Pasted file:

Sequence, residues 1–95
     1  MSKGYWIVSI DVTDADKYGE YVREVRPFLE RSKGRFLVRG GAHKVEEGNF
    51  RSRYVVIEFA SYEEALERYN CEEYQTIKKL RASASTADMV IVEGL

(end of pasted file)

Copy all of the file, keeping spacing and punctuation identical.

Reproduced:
Sequence, residues 1–95
     1  MSKGYWIVSI DVTDADKYGE YVREVRPFLE RSKGRFLVRG GAHKVEEGNF
    51  RSRYVVIEFA SYEEALERYN CEEYQTIKKL RASASTADMV IVEGL